On Tuesday, October 10, 2023, the International Court of Justice (ICJ) held its first public hearing session on the case on the Application of the Convention against Torture and Other Cruel Inhuman or Degrading Treatment or Punishment, brought by Canada and the Netherlands as State Parties to the Convention, against the Syrian regime (formally named the Canada and the Netherlands v. Syrian Arab Republic). At the request of the two countries, the session focused on imposing what are known as provisional measures on the Syrian regime to compel it to immediately cease torture against potential victims, while the trial of the Syrian regime for the alleged violation of the Convention Against Torture proceeds.
According to the court session’s transcript, the case draws upon a number of UN sources, as well as on data provided by the Syrian Network for Human Rights (SNHR), which was cited as a source 14 times, while the Independent International Commission of Inquiry on the Syrian Arab Republic (COI) was cited 24 times.
In her oral argument, Annemarieke Künzli, Legal Counsel to the Kingdom of the Netherlands’ Ministry of Foreign Affairs, indicated that the Netherlands and Canada have made joint efforts to move forward with good-faith attempts at negotiations with the Syrian regime, which are well-documented through the exchange of 66 Notes Verbales over the course of three years, as well as through two in-person meetings held in the United Arab Emirates (UAE) in April and October 2022. All of these efforts have been fruitless, however, Ms. Künzli lamented.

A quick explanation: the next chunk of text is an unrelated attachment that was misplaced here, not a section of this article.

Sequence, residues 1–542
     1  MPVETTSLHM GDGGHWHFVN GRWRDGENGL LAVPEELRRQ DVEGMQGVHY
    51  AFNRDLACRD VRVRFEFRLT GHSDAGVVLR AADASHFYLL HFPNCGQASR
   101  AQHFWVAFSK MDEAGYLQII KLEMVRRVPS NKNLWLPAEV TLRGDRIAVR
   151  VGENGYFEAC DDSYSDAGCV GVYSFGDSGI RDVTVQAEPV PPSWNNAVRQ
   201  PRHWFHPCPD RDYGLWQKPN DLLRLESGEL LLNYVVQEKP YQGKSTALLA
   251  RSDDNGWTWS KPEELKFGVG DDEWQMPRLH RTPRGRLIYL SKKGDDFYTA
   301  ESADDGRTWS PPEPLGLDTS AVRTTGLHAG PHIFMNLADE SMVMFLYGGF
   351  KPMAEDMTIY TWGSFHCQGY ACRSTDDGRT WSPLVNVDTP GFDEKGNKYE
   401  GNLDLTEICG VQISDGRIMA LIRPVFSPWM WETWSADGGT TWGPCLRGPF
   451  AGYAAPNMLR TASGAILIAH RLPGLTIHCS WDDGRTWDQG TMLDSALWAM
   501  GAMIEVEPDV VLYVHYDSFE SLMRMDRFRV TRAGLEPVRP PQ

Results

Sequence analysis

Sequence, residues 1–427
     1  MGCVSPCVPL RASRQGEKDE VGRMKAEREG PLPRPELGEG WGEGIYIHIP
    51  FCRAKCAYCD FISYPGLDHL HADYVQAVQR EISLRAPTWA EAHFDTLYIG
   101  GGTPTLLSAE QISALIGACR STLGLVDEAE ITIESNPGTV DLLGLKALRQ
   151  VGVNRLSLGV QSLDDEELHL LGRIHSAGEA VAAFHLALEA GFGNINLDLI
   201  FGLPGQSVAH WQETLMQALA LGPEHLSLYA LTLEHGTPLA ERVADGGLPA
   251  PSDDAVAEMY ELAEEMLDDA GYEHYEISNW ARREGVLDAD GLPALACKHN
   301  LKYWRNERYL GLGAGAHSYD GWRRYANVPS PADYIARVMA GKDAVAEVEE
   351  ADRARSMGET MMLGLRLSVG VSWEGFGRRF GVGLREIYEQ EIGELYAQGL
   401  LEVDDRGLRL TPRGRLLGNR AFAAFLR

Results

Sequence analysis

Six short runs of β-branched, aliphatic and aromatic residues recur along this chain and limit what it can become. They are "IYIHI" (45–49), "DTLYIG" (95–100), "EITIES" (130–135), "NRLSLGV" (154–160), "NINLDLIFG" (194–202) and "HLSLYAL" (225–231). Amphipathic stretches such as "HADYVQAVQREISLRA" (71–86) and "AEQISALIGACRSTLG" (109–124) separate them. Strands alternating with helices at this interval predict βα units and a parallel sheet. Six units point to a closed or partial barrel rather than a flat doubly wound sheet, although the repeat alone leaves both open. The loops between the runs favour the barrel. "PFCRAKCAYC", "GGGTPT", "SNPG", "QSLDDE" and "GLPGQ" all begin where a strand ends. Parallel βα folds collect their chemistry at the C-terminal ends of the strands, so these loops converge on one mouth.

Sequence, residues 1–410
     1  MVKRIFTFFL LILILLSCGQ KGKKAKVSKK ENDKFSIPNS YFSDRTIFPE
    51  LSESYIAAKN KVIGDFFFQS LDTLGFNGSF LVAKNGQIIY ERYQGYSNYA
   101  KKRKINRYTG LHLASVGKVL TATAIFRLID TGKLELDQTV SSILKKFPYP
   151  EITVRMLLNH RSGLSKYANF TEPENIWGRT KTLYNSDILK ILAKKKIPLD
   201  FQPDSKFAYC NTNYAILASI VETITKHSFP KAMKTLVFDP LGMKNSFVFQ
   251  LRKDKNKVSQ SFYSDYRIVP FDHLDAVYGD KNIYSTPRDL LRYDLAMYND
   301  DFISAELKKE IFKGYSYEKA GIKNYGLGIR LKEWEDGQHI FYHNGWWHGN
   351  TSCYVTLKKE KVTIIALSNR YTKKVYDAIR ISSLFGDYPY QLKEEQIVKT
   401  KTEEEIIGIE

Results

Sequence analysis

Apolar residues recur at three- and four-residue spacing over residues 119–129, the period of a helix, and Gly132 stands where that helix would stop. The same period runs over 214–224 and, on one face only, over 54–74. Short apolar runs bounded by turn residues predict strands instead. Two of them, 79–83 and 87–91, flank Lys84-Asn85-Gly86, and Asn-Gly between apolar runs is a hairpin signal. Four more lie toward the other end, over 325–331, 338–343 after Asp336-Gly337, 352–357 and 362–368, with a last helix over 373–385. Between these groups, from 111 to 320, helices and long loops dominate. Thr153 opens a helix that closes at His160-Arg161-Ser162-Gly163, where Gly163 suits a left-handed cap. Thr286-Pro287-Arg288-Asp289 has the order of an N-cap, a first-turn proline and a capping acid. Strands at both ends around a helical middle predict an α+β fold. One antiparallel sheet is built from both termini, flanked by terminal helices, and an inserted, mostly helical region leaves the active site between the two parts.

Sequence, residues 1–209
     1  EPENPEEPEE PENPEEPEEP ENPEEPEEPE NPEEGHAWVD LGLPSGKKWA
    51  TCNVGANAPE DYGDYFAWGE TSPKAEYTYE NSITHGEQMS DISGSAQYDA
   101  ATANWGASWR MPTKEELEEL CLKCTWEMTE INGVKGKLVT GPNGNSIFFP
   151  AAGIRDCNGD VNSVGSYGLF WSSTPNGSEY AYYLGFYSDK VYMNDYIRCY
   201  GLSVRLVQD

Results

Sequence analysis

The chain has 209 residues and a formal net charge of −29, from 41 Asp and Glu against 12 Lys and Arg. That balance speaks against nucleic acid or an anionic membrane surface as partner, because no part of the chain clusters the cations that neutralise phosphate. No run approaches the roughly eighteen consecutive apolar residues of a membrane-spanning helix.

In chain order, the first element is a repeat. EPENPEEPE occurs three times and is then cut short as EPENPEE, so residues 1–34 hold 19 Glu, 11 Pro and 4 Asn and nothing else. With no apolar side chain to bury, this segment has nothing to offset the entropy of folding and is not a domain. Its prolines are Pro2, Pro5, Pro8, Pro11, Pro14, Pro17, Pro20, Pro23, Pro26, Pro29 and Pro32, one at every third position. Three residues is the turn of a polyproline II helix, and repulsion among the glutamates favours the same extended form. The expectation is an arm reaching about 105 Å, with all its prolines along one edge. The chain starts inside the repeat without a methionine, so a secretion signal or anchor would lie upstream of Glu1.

On the imperative need to impose provisional measures, Teresa Crockett, the Canada’s Deputy Director of the Accountability, Human Rights, and United Nations Law Division of Global Affairs Canada, stressed that there is no doubt that the Syrian regime’s continued and repeated violations of the Convention Against Torture “are causing irreparable prejudice to the rights at issue”. Such conditions, she underlined, require urgent intervention from the ICJ.
Furthermore, Ms. Crockett pointed out that during the three-month delay period granted to the Syrian regime at its request, SNHR has documented no fewer than 15 cases of death due to torture at the hands of the Syrian regime. She also referenced SNHR’s extensive report which addresses the charges that were met with the capital punishment: “[Those accusations have] been leveled in a widespread and indiscriminate manner by the regime’s security agencies against thousands of detainees and forcibly disappeared persons . . . with no grounds except for interrogation records containing ‘confessions’ extracted under the duress of torture.”